Jane Axelrad


Food and Drug Administration

I would like to summarize what I took away from the wide spectrum of views we have heard during the meeting.

I think the pharmacy organizations are generally supportive of the concept of making more prescription drugs non-prescription, with conditions of safe use that require pharmacist involvement. They feel that pharmacists are adequately trained to assist consumers in identifying whether they have particular conditions, in selecting appropriate medications, and monitoring their use over time. They have identified as advantages the ability to provide access to medical care to people who might not otherwise have access, and to provide access whenever it is needed, and close to home. They believe that this will improve medication compliance and overall healthcare outcomes, and they point to the fact that they are often the first line of contact with patients in need of healthcare and that they can refer patients to healthcare providers when they identify that they need additional care or the care of a physician. Pharmacists cited many specific examples where pharmacists have taken on an expanded role in patient care, including collaborative practice agreements in several states and medication therapy management models where studies have shown improved health outcomes.

We heard from educators about the training that pharmacists receive in pharmacy school and about continuing education requirements that could be used as a means to provide additional training for pharmacists if the new pharmacy paradigm were adopted.

Pharmacy groups did discuss several issues that would need to be addressed, including pharmacy reimbursement for services and integration of the new paradigm into the workflow of the pharmacy.

We also heard support for making drugs non-prescription based on conditions of safe use that rely on new technologies instead of pharmacy intervention, or perhaps in some cases in addition to it, to guide consumers in making the right medication choices. Algorithms and other tools could be made available through kiosks, smartphones or other technological advances that would simplify decision-making for products that require more sophisticated analysis and guidance to enable patients to take them safely and effectively without a prescription.

Some have suggested that making non-prescription drugs available with conditions to assure safe use could actually facilitate efficient and effective engagement with physicians and other members of the healthcare team. Numerous drugs and categories of drugs were cited as examples that might be considered for this new paradigm. These included medications such as epinephrine for allergic reaction, Naloxone for drug overdose, contraceptives, smoking cessation products, antihypertensive and diabetic medications, just to name a few.

But others, including patient advocacy groups, voiced strong views that some of these products are not suitable for non-prescription use, even with conditions of safe use. There were opposing and strong views expressed about whether drugs to treat various diseases, such as asthma, would fit the new paradigm because of the characteristics of the disease.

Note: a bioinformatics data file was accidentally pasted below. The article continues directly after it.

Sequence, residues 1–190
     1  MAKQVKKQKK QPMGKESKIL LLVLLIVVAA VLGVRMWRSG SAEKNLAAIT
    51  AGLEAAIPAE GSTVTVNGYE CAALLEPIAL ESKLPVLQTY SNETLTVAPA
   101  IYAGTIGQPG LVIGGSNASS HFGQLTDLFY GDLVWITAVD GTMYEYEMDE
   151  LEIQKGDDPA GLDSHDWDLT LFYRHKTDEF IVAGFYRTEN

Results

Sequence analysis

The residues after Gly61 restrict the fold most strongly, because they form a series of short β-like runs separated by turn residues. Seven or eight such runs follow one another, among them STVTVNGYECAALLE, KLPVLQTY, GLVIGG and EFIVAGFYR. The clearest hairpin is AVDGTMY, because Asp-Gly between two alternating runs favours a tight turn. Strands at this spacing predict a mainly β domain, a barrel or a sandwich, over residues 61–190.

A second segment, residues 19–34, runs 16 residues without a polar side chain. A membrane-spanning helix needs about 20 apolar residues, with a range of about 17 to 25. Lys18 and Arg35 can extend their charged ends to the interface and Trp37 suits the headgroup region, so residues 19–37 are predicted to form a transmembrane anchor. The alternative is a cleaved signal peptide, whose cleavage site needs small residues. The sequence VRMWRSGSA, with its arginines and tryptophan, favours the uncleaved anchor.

We heard from others that this new paradigm is inappropriate, and that it could reduce the quality of patient care. Concerns were raised about the ability of pharmacists to evaluate patients and make difficult diagnostic decisions and medication choices for patients in the place of physicians. Concerns were raised about fragmenting patient care and missing opportunities to identify more serious conditions because of reduced patient interaction.

Some groups argued that there was no evidence that the new paradigm would reduce costs or improve patient care and wanted proof that the new paradigm would work. Some groups argued that the existing system of prescription and non-prescription drugs was adequate and should not be changed. They noted that FDA has already approved non-prescription drugs with additional educational materials and aids for self-selection and that various ways of making drugs available could be employed without creating a new category of non-prescription drugs with conditions of safe use.

There were practical considerations raised, such as the need to consider the effects of conditions of safe use on the drug distribution system and the need to develop a business model for the various ideas that would lead to adoption by pharmacies and others in the healthcare system. And we heard from some people about the challenge of conducting studies that would be needed to show how non-prescription drugs with conditions for safe use could be safely and effectively used by the consumer.

So we have received a lot of input and we are going to be looking very closely at what we have heard and at the comments submitted to the docket. During the course of the hearing, in some cases we asked that certain information referred to during the testimony be submitted to the docket. We will review the information that we receive and decide whether, and if so how, to go forward with this. As Dr. Woodcock indicated in her opening remarks, we will likely need to proceed through rulemaking to develop a new framework for doing this. So there will be many opportunities for further public input if the initiative does go forward.

Prepared by National Capitol Captioning 200 N. Glebe Rd. #1016 (703) 243-9696 Arlington, VA 22203 4/23/12
FDA: March 22, 2012 37


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